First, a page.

As an informational website not engaged in the business of selling nitrous, we would like to remind our readers: PLEASE DO NOT PUT PLASTIC BAGS OVER YOUR HEAD.
1999 Virginia Tech
In November of 1999, Andy McCoy of Virginia Tech was found dead of asphyxiation in his apartment. He had purchased nitrous oxide canisters and a cracker online. He had a plastic bag (over his head) tightly belted to his body. If you read the news report, note that they suggest [he] probably inhaled so much that he cut off his oxygen supply and suffocated.
In the former case, Lawrence Teiman, the website proprietor, was convicted in Federal Court for the intent to mislead government officials because the nitrous oxide he sold wasn't adequately labeled with directions for use and warnings about the dangers of inhaling the gas. He was convicted to 15 months in prison and a $40k fine. This is a far cry from the 15 years and $1.25M that interstate marketing of a misbranded drug could bring.
There is a curious catch-22 here in that nitrous is not illegal to sell, only illegal to inhale. But if Teiman had included a sheet of more specific warnings, the Feds would have used this as evidence that he intended inhalation and he would have likely received a heavier sentence under the Interstate Commerce Act.
A similar case was reported at MIT in 1999 involving a plastic bag over the head of Richard Guy. In the story linked, note that they refer to the death as a drug overdose. The parents subsequently filed a wrongful death suit against MIT, saying it should have taken stronger measures to keep students from stealing the gas from laboratories and that it should have been put on notice of illegal drug use by the condition of their son's dorm, where "the walls and ceilings of part of the 5th floor were painted black and light bulbs [were] painted pink and purple". The university subsequently settled out of court (2005/07/12). In the dorm there were also two students arraigned for intent to distribute (several types of drugs) but it is unclear what happened to the case.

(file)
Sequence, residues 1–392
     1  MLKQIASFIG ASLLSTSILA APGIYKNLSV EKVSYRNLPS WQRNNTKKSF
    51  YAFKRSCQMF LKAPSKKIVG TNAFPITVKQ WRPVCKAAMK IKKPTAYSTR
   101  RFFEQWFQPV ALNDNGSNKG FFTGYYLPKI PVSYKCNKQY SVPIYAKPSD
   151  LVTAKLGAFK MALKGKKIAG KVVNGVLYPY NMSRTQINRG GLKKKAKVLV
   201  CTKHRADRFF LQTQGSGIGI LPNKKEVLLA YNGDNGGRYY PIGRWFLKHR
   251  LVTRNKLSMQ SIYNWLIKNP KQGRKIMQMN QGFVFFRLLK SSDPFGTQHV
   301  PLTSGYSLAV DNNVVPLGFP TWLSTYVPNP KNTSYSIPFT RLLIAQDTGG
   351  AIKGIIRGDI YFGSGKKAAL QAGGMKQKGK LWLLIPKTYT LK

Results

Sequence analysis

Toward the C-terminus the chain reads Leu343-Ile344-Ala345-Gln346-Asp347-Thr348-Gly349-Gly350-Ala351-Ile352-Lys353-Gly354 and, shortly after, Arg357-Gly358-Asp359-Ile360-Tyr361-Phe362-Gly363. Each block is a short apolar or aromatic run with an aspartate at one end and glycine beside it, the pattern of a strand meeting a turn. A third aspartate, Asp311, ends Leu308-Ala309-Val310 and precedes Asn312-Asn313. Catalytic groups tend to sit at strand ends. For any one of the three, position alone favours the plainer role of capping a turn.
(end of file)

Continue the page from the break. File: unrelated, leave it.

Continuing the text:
Also at MIT there are several other citations of injury and death including releasing nitrous inside a van. (See above link.)
In Florida in 1998, a teenager died after hitting her head in a fall that was blamed on nitrous. Subsequently, raves in Tampa were banned.
In 2002, in New Haven CT, two hospital patients died after there was a mixup in the oxygen and nitrous lines.
In 2005, in Sydney AU, two people died after opening a tank in their car.